The Obama campaign has found its Joe the Plumber.
President Barack Obama’s State of the Union address Tuesday night is expected to emphasize economic inequality, appropriately timed coming off the Occupy Wall Street fall leading up to Tuesday’s release of frequent Republican front-runner Mitt Romney’s tax returns which reveal that the multi-millionaire pays an effective tax rate of 13.9 percent. To hammer home the political game that the Obama campaign has been playing, billionaire Warren Buffett’s longtime secretary will be joining first lady Michelle Obama in her seating section during tonight’s speech.
The guest choice is significant because Buffett’s secretary, Debbie Bosanek, has become the embodiment of the Obama campaign’s central theme in 2012; appeal to middle-class populism disgusted by the excess of the “one percent” in the midst of economic distress.
The central discussion in politics over the summer revolved around the president’s failure to bring both sides together effectively during the debt-limit crisis and subsequent credit downgrade by Standard & Poors, all on top of continued high levels of unemployment and economic uncertainty well into the Democratic President’s first term. Then on August 14 came Buffett’s now infamous New York Times op-ed “Stop Coddling the Super-Rich.”
“My friends and I have been coddled long enough by a billionaire-friendly Congress. It’s time for our government to get serious about shared sacrifice,” Buffett wrote in the closing sentence of the piece that was heavily discussed in the media for weeks to follow. In the article Buffett bemoaned the tax rate for America’s highest earners, demanding that the the first thing the then newly instated “super congress” do is raise tax rates on those making more than $1 million.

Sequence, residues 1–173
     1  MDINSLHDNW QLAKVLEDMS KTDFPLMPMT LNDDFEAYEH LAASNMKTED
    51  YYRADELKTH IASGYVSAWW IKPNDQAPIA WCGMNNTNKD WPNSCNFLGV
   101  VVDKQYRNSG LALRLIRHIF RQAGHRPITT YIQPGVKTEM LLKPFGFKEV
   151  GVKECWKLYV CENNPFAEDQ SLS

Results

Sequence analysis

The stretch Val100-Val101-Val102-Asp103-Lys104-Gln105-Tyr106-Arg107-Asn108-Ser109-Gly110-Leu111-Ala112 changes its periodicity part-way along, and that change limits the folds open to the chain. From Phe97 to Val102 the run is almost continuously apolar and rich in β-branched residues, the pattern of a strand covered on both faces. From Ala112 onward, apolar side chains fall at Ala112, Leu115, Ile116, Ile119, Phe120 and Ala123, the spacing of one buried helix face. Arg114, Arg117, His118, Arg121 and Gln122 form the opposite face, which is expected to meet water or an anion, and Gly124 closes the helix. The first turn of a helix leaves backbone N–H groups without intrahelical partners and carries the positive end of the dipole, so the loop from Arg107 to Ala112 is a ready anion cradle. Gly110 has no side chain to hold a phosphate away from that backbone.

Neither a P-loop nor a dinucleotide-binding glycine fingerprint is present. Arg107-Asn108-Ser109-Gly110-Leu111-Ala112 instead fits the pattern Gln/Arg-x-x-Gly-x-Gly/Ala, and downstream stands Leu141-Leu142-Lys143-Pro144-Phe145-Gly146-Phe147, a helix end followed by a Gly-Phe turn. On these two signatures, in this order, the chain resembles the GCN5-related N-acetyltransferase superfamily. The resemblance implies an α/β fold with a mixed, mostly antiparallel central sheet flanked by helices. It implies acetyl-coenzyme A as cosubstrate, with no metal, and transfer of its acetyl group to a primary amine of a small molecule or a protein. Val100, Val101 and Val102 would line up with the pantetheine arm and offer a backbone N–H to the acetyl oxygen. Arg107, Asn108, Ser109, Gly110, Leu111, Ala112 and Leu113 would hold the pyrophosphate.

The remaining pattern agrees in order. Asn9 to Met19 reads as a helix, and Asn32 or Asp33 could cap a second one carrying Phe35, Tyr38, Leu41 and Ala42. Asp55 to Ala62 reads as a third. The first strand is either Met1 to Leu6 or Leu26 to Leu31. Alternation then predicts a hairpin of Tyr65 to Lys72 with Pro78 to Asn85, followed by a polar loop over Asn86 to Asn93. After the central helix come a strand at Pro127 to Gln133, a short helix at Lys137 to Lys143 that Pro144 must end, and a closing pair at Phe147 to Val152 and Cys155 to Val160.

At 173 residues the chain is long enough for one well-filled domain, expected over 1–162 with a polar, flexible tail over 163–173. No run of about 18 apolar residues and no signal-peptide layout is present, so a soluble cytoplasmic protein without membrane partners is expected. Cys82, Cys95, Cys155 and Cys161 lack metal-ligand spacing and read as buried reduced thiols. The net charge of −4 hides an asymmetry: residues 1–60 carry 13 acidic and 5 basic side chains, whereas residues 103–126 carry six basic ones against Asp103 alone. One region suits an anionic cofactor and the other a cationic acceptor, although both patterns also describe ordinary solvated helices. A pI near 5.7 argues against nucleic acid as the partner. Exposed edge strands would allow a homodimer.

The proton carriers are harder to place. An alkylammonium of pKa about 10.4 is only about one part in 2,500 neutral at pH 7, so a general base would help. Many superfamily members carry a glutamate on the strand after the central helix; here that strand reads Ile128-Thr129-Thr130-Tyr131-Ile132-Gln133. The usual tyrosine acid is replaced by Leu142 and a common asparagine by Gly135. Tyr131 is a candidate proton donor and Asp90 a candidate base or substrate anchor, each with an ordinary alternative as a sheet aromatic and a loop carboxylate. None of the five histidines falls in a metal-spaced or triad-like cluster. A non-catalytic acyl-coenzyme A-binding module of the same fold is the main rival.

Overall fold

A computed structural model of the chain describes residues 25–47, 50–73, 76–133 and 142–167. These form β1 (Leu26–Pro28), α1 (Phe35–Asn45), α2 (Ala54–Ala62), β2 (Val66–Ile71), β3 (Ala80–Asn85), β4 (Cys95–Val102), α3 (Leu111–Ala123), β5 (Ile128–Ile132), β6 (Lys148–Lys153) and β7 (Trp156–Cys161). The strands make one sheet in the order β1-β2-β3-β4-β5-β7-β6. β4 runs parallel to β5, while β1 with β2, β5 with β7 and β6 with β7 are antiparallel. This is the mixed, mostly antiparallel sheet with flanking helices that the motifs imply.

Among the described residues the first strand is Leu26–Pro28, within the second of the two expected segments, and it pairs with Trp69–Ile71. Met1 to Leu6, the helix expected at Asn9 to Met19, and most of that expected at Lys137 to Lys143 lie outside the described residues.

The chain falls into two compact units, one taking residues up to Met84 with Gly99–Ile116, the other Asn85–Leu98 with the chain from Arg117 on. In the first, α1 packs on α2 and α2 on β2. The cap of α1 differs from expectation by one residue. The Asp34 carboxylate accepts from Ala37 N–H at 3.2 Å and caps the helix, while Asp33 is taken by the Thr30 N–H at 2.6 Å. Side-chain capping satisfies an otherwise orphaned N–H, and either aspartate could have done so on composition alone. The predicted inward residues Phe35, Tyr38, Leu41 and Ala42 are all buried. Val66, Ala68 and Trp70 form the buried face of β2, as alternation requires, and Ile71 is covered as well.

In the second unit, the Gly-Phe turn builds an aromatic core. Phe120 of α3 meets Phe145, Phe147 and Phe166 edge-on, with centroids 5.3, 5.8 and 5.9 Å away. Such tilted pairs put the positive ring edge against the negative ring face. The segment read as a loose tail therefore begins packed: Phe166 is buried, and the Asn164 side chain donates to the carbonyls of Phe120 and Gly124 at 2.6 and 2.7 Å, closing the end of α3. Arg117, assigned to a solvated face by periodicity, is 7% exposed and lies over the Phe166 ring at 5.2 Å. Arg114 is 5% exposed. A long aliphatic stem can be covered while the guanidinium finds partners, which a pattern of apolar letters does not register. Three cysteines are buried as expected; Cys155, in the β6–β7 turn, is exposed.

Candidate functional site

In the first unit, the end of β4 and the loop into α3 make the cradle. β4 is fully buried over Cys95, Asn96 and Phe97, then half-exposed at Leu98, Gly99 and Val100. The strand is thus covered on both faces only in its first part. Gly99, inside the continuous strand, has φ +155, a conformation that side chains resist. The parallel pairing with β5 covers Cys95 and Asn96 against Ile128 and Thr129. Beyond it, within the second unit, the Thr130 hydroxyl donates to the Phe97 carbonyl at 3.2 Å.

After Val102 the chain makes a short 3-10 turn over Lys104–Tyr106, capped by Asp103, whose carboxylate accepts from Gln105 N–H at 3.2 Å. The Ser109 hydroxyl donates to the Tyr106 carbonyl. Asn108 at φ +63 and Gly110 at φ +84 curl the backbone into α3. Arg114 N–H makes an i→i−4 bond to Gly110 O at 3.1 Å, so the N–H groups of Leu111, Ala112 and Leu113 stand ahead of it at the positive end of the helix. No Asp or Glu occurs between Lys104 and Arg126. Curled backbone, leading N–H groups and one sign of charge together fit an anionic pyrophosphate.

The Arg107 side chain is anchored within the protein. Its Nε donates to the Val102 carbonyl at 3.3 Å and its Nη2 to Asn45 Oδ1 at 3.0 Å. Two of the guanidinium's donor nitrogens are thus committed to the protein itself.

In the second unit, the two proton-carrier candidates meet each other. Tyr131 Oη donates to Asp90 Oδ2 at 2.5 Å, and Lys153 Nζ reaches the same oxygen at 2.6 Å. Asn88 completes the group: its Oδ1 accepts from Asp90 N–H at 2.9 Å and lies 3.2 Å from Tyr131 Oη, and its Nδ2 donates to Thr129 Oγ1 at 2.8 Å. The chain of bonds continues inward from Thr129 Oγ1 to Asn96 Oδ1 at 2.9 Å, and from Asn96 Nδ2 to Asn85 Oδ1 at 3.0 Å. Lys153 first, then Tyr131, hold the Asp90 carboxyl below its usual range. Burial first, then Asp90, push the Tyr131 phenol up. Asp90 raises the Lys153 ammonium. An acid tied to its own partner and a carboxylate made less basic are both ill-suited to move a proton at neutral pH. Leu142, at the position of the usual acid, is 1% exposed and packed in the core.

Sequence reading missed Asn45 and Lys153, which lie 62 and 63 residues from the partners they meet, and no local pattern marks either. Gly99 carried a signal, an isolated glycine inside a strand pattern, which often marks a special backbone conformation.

In subsequent interviews Buffett harkened on a phrase he has used in the past, that his secretary pays a higher tax rate than he does.
The White House immediately jumped on Buffett’s phrase and the easily populist call to tax the rich as a means to solve the nation’s deficit woes, shifting the main focus in American politics and the main stream media over night from the nation’s mounting debt and spending, to income inequality, the “Buffett Rule” and the “one percent.” This culminated almost exactly one month following Buffett’s ope-ed, on the September 17 “Day of Rage,” which became the Occupy Wall Street movement.
Come full circle, in a speech that many expect to be purely political theater for the 2012 general election, Buffett’s infamous secretary will watch with the First Lady from the House gallery.
POLITICO notes that it is common practice for presidents to invite guests to sit next to the first spouse that fit with the theme of their address, with Bosanek’s presence a big hint that the address will tilt heavily towards economic issues of fairness.
Bosanek has not made too many public appearances or statements since she became a political buzz word, perhaps because her plight and Buffett’s comparisons to her salary and tax rate have been thoroughly criticized, especially by Glenn Beck’s co-host Stu: